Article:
Complacency can kill. You would have to be living under a rock to be unaware that heat exposure can be deadly. Yet every year Australia – supposedly the “clever country” – endangers the lives of everyone from elite athletes to construction workers by making them work in the summer heat.
Sports schedulers and workplace regulators urgently need to take off their blinkers and confront our problem with extreme weather.
It is not sensible to schedule the gruelling Tour Down Under for January in Adelaide. Likewise, the Australian Open tennis championship should not be held in Melbourne in January. This year, players have complained about having to play on in temperatures well above 40C.
Yet the vested interest in these major sporting events is massive. Given the involvement of television stations, advertising, flights, hotels, transport, security and the range of support industry staff, there is an understandable reluctance to interrupt meticulous plans. But is that worth the death of, say, one of the world’s top tennis players?
Athletes’ bodies are the tools of their trade. Sporting success and careers are built on fitness. Heat injuries can destroy all that. Competitions in extreme heat become a test of heat tolerance rather than athletic performance and skill. Sports professionals have responsibilities to their fans and their sponsors, so it is very difficult for them to withdraw to protect their health. Event organisers have a duty of care to provide safe environments so the decision should rest with them to modify events in extreme conditions.
About 80% of the energy produced by working muscles is heat, so without heat loss via sweating, we would overheat in about six minutes. High-intensity sports increase physiological heat generation 15-20 fold, and this extra heat must be dissipated to the environment via sweating. The rate of heat exchange on a hot day is poor, and when the air temperature is more than 37 degrees it becomes negligible, generating more heat load than can be dissipated and resulting in heat stress. It can be life-threatening, even for the very fit.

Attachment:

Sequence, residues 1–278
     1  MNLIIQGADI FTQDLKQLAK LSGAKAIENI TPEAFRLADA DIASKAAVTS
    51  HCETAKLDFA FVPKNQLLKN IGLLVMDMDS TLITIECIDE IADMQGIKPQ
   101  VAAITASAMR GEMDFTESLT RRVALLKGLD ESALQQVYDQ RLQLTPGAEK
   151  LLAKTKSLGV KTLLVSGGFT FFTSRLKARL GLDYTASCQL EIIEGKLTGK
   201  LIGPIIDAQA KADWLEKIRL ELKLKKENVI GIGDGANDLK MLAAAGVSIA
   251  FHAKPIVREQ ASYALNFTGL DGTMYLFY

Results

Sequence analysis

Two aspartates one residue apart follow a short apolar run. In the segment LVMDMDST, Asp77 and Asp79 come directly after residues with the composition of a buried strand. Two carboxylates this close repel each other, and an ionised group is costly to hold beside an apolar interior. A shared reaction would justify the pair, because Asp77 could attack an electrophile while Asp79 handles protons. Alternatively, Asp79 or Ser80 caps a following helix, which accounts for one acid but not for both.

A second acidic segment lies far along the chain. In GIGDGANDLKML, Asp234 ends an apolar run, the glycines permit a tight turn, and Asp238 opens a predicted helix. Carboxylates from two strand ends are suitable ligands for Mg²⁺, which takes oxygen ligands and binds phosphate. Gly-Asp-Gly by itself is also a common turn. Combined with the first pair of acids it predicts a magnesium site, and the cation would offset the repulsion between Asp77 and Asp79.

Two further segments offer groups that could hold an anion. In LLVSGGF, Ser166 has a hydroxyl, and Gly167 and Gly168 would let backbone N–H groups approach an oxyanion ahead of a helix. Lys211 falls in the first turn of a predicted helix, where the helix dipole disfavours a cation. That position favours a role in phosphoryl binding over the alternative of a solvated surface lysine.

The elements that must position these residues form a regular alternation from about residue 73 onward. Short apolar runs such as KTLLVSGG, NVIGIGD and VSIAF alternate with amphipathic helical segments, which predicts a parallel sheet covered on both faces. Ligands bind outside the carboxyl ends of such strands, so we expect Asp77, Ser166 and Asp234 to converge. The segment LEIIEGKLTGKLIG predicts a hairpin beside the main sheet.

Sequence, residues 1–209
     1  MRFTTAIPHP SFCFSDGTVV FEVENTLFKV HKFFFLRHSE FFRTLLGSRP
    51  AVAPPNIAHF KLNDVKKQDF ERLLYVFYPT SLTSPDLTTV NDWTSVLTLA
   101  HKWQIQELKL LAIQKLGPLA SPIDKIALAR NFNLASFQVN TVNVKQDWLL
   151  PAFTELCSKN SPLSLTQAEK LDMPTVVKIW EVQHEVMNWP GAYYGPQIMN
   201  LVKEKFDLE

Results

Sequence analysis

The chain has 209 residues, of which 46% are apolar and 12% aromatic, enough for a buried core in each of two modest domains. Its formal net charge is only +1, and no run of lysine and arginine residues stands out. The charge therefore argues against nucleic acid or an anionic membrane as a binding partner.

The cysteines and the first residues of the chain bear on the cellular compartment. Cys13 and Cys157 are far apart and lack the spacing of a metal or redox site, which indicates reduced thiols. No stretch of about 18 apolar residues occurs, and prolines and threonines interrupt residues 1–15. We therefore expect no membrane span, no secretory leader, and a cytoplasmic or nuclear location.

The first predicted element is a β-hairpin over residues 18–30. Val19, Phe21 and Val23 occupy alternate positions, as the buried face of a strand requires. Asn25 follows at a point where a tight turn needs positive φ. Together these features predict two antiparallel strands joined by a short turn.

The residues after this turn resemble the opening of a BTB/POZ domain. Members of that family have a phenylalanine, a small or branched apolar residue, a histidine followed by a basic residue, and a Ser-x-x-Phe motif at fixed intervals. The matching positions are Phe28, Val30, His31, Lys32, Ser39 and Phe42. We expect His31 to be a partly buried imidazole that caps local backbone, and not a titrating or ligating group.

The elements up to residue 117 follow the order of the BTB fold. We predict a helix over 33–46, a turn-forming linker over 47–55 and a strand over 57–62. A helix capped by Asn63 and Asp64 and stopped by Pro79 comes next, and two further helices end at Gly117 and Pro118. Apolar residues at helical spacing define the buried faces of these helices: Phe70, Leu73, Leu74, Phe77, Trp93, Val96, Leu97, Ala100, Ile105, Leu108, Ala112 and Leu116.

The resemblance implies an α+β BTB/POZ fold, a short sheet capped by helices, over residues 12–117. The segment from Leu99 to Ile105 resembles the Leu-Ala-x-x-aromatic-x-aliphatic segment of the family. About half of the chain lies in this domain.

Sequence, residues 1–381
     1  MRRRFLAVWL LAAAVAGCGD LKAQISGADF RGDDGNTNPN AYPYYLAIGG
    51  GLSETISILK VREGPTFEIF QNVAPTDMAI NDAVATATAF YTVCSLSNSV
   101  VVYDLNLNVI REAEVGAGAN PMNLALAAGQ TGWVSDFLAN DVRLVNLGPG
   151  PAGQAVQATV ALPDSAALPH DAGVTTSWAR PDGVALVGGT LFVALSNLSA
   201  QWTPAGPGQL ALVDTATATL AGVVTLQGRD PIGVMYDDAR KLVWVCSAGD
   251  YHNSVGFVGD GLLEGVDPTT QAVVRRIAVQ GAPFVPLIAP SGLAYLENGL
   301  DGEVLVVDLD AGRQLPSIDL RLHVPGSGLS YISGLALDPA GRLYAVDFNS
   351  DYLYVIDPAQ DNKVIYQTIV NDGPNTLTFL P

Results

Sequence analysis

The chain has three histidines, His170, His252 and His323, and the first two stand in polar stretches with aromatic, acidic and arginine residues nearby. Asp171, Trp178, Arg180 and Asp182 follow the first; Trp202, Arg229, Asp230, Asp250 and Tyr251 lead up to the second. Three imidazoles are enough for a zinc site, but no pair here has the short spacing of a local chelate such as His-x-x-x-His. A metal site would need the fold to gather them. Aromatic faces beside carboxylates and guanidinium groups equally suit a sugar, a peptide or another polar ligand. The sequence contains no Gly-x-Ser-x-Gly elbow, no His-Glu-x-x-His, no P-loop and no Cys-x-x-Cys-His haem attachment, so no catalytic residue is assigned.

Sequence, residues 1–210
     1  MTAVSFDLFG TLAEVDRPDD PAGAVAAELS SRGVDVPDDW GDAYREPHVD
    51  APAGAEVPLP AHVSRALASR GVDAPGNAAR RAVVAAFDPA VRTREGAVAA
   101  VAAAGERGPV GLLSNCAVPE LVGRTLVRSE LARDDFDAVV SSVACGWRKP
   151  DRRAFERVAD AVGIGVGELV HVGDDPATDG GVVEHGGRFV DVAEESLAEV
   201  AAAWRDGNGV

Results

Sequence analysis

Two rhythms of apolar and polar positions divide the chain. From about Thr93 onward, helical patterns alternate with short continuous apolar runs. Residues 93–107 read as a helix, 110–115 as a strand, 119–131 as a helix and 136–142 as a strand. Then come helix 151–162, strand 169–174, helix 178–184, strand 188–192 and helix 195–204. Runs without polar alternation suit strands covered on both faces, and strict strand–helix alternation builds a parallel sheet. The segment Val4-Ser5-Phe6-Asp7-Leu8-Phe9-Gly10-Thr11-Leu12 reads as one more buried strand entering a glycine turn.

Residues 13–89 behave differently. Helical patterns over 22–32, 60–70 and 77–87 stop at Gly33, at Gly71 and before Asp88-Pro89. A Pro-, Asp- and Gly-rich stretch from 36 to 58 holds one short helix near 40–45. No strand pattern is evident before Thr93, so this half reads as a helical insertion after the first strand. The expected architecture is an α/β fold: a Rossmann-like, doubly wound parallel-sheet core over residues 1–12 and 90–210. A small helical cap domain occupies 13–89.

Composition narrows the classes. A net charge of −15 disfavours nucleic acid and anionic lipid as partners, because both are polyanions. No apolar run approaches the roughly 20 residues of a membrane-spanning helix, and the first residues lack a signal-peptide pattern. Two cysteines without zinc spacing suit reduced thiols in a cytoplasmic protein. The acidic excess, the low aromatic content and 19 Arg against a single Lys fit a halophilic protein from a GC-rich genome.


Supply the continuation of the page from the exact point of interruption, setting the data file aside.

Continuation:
But it is not only elite athletes who are at risk; local club sports and recreational participants and organisers must consider the heat in planning their games. This includes prospects for modifying the activity, to provide shade and cool water, increased rest breaks, and altering the timing. Cricket is played in summer in the heat of the day, and each year players are among those who suffer problems with heat.
Perhaps even more pervasive is workplace heat exposure. Many occupations must be done outdoors, or in buildings that cannot be effectively cooled. Some work can be rescheduled for the evening, but not all. Workers who provide essential services, such as district nurses visiting the elderly, put their own lives at risk on hot days to care for the elderly and unwell. Yet systematic funding cuts call for their increased productivity. Rarely do we see staff numbers being increased to ease their workload.
In the construction industry there are building contracts that factor in “rain delays”. Why are there no official “heat delays”?
My research group at the Australian National University is currently exploring the effects of heat on health and productivity, with the aim of identifying safe working thresholds and developing strategies that help workers to acclimatise. “Heat-proofing” Australian industry will be vital in our increasingly hot summers.
It is baffling that a hot country like Australia does not collect public data on thermal tolerance at the population level. Australia needs seriously to consider heat and how best to manage it safely. The nation cannot afford to shut down over summer, yet killing our workers or tennis players is also not an option.
Setting safety guidelines on the basis of hospitalisations and deaths is too little, too late. These outcomes must be prevented, and collectively we need to start the conversation on heat and institute a culture of heat safety.
The heat is on
Despite Australia’s long history of hot summers, the evidence is clear that it is getting hotter. Globally, each of the past 13 years (2001 to 2013) have ranked among the 14 warmest on record. The warming trend is not unique to Australia, but have a head start because we were already hot to begin with.
Last year was Australia’s hottest, breaking the previous record set as recently as 2005 by 0.17°C. The Bureau has developed a new heatwave forecasting tool to help people track dangerously hot weather.
Hot weather records around the nation are crashing, often by unusually large margins, whereas new cold extremes are becoming less frequent. The past is quite different to today, and very different from the future.
A clever country would recognise this.